“We’re seriously behind on this,” Filippelli said. “It’s all doable but … every month that we don’t have aggressive action, we fall, frankly, four months behind.”

The good news, the authors say, is that technology already exists that could help change our trajectory from 3.2 C.

Renewables and energy efficiency is one of the key measures to effectively reduce emissions, and the electrification of heat and energy and even transportation could make major headway.

With that, however, comes a hefty price tag: roughly $1.6 to $3.8 trillion annually over the next decade.

But it will be worth the cost, Olhoff said.

“This is definitely not a world we want to pass on to our children and grandchildren,” she said. “It’s not a world we want.” SOURCE

It Bears Repeating: Renewables Alone Won’t End the Climate Crisis

‘We have to look at downsizing, degrowth, using less.’

We’ve got a ways to go if we choose to reduce emissions by simply replacing fossil fuels with wind turbines. What also matters: using less energy. Photo via Shutterstock.

In a recent column about the dismal Canadian election, I wrote that most Canadians and their lacklustre political parties have no real appreciation of the physical and moral challenges posed by the disruptive force of climate change.

Although the media still portrays climate change as some vague threat to “the environment,” it is really a self-made blitzkrieg that is already destabilizing a highly energy-intensive and complex human civilization.

Greta Thunberg has spoken prophetically: our civilized house is on fire.

But our collective politicians, blinded by ideology and technological illusions, refuse to panic, let alone call the community fire department.

They behave as though they can just build another house somewhere else on Mars, and then watch the conflagration on Netflix.

In that previous analysis, I quoted a Colorado professor, Roger Pielke Jr., who recently noted in Forbes that if we really wanted to reach zero carbon emissions by 2050, and we solely choose wind power as the solution, we’d need to build and deploy 1,500 wind turbines on about 300 square miles every day for the next 30 years.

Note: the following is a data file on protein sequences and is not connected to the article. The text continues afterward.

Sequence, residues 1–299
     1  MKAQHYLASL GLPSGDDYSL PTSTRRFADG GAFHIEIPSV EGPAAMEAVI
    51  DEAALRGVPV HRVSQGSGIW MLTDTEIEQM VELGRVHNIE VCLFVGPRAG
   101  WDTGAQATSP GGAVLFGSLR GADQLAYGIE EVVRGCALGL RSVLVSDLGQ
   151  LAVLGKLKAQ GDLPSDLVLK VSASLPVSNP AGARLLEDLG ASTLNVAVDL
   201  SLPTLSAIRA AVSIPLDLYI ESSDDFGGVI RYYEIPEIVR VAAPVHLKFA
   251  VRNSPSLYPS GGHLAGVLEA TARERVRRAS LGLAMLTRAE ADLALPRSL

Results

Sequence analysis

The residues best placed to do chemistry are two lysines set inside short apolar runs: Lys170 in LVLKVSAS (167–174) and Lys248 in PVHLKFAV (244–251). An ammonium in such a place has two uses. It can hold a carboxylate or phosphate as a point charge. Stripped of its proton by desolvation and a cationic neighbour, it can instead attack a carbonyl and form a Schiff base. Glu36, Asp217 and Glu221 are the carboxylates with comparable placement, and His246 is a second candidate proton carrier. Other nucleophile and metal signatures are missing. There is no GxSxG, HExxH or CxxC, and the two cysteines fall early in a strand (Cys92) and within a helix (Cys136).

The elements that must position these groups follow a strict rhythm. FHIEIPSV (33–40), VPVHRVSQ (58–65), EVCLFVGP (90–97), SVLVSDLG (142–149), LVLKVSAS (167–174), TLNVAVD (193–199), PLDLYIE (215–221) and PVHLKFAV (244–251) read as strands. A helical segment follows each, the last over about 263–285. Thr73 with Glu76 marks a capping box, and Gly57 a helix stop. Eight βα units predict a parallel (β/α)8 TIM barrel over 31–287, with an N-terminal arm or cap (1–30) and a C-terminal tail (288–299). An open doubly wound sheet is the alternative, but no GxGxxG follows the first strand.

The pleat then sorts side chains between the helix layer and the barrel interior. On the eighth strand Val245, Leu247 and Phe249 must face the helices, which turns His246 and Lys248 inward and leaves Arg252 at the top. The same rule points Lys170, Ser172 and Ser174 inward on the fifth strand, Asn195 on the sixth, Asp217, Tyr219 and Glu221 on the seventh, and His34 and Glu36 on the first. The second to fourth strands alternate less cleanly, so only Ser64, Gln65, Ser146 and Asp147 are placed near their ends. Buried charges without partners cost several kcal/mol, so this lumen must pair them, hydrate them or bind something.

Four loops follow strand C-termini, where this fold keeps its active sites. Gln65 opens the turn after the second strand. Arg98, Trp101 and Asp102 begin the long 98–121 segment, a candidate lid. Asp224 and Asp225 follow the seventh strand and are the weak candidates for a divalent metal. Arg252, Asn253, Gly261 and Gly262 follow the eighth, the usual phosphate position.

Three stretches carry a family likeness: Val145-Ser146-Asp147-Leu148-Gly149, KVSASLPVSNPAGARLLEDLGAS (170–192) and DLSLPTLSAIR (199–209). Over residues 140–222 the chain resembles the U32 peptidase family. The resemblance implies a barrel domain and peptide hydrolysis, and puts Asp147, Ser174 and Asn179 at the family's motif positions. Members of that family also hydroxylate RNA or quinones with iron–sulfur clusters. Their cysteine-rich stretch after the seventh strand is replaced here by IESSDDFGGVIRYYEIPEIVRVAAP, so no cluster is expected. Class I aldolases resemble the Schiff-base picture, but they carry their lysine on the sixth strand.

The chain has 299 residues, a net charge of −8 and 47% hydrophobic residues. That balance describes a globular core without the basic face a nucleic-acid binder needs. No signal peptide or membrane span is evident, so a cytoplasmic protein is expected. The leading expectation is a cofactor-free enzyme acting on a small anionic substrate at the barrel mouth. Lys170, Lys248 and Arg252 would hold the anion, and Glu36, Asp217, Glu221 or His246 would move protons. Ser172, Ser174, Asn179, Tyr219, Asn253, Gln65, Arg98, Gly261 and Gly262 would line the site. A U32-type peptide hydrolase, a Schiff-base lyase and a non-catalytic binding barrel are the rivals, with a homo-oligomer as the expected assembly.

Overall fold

We can’t do that, of course, because of physics and economics. Pielke was simply illustrating the scale of the challenge if we thought that renewables could do all the work for us.

But a great many readers questioned Pielke’s math; others questioned his motivation. Others questioned my sanity in quoting such a fellow.

Having written about energy for 30 years (and my best scribbling on the matter remains The Energy of Slaves), I thought Pielke’s numbers, which can vary with wind power due to location and size of blades, were largely accurate and conveyed the enormity of the task at hand, especially if we think our energy crisis is just a substitution problem.

Pielke’s numbers are also a reminder that as of 2018, solar power provided only 2.2 per cent of global energy and wind just 4.8 per cent.

In other words, we have a long way to go if we choose to reduce emissions by simply replacing fossil fuels with wind turbines. As the ecologist Bill Rees noted in his recent Tyee analysis, “the green energy transition is not really happening.”

I asked David Hughes, one of Canada’s most esteemed energy analysts, to comment on Pielke’s math, and here’s what he said.

Pielke, he said, ignored some data on existing renewables such as hydro dams but basically his math “is close to correct.” Hughes added that it’s physically impossible to replace all primary fossil fuel energy on a business-as-usual scale with renewables.

To Hughes, the implications are clear: “What this means is that we have to look at downsizing, degrowth, using less. The math doesn’t work to keep the party going with renewables.” Ecologist Rees delivered the same message a week ago in The Tyee.